"The fear is rooted in a deep shame of who you are, how much you have not lived up to your expectations or other people's," Yeardley Smith said of living with bulimia
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VARIOUS CITIES, - MAY 09: Yeardley Smith poses for a photo during Virtual Pop Expo on May 09, 2020. With large-scale events shutting down worldwide due to the COVID-19 pandemic, Virtual Pop Expo 2020 debuts as a fan convention experience online. (Photo by Yeardley Smith/Getty Images for ABA)
Credit: Yeardley Smith/Getty

The Simpsonsstar Yeardley Smith is opening up about living with an eating disorder for more than two decades and how she overcame it.

Smith, who has voiced Lisa Simpsonsince the animated series first premiered in 1989, appeared on the latest installment of the Allison Interviews podcast and shared how her internal "pursuit for perfection" impacted her body image.

"I had an eating disorder for 24 years ... from the time I was 14 'til 39. I'm 57 now," Smith revealed.

She went to a UCLA outpatient facility for 13 months, where she took part in "group therapy" eight hours each week. There, she and the other participants were instructed to eat one meal together, "which of course is harrowing if you have an eating disorder. My particular predilection was bulimia," Smith said. They also had to do "something social" each weekend.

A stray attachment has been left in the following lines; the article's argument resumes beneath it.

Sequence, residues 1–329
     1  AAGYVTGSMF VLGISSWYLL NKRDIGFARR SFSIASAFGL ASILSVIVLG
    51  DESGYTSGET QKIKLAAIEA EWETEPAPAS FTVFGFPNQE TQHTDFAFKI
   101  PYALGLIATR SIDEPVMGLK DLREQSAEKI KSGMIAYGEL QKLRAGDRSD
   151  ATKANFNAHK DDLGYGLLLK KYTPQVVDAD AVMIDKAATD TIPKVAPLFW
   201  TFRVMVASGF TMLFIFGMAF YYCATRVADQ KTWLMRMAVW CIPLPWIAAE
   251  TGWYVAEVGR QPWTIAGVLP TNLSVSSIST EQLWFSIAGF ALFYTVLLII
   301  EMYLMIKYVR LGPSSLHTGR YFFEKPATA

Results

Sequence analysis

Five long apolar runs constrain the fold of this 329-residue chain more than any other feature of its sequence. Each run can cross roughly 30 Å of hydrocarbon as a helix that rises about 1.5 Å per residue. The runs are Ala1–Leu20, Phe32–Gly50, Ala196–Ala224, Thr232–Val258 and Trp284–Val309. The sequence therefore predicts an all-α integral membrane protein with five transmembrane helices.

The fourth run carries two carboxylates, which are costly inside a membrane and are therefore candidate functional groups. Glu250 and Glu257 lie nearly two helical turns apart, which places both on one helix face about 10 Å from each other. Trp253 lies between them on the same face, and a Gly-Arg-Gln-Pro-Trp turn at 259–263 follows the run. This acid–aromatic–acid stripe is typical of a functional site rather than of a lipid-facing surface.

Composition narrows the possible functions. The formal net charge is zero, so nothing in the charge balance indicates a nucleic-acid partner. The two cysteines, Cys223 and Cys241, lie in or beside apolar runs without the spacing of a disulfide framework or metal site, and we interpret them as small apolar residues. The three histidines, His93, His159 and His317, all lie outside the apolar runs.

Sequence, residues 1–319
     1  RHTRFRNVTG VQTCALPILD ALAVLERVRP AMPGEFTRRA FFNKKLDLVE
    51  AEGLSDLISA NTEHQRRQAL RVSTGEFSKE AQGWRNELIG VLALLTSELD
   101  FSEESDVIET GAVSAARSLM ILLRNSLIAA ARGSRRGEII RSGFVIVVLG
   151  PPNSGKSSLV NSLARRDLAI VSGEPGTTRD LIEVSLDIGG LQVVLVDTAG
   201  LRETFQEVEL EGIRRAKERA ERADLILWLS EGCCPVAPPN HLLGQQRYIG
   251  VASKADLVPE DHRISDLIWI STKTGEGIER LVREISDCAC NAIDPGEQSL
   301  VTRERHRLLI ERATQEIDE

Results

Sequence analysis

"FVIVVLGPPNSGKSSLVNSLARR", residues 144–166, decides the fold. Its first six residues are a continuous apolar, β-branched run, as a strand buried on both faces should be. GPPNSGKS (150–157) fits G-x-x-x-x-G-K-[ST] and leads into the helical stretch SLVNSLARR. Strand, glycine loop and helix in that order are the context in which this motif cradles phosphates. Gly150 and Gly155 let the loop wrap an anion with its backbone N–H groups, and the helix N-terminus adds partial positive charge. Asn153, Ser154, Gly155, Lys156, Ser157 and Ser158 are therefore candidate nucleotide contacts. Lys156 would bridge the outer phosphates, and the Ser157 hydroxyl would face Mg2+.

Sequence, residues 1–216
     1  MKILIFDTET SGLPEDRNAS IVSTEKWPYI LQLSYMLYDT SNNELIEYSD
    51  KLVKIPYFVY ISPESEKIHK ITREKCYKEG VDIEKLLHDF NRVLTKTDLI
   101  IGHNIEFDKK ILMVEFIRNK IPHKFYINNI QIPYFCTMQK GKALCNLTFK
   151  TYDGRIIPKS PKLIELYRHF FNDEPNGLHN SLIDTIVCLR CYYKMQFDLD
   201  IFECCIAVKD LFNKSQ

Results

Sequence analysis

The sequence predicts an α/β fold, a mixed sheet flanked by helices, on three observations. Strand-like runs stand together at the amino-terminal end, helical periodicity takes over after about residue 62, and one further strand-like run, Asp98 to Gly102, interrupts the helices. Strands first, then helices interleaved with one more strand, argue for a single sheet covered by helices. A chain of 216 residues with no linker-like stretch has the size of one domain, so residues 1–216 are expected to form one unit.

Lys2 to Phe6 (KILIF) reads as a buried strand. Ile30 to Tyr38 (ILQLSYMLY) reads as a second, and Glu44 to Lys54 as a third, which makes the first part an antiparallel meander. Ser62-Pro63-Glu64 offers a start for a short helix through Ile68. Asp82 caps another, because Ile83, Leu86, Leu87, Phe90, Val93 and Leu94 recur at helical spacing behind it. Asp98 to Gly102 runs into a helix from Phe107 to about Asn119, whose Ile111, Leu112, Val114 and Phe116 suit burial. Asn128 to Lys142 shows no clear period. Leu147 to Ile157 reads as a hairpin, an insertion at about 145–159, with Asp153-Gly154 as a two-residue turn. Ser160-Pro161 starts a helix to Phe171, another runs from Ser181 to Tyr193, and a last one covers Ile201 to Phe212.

"Eating disorders are incredibly isolating, and you practice your disorder in private," Smith explained. "It's very ritualistic. It's very secret, it's not social like drinking. Not to say one is worse than the other, just different ... "

Her turning point came when she was 39 and had gone through years of therapy. She refused to enter her 40s "still binging and puking my brains out."

"So I sort of pulled up my socks and said 'Alright I need some actual help.' I had been telling myself that I can do this on my own forever and ever. Obviously, I can't so I need some help."

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That's when she entered the UCLA program and received the "tools" she needed to overcome her eating disorder.

"It was probably another couple or three years before I really was not afraid of food. So now I feel like food is actually good. I'm not afraid of food. There are a couple of trigger foods that I really stay away from."

Smith said during her struggle she believed she "deserve[d] nothing good."

"The fear is rooted in a deep shame of who you are, how much you have not lived up to your expectations or other people's. That your body isn't the shape and size that it should be that you see in the magazines, that I see in my industry. It is really a punishment."

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Added the star: "In this twisted, ironic way by binging and purging you're like 'Listen to me, I have control over you.' When in fact, what you're doing is completely out of control. So it's a false sense of 'I can fix this.' But there's so much anxiety and pain that you're never enough, and that you're not good enough and you haven't achieved enough, and you're unworthy of everything from love to the good things that happen to you. "

"There's so much grief there, that doing this violence to your body is sort of like a drug. It distracts you from those feelings that are so hard to sit with."

Smith said she has since been able to embrace self-love and inner peace.

If you or someone you know is battling an eating disorder, please contact the National Eating Disorders Association (NEDA) at 1-800-931-2237 or go to NationalEatingDisorders.org.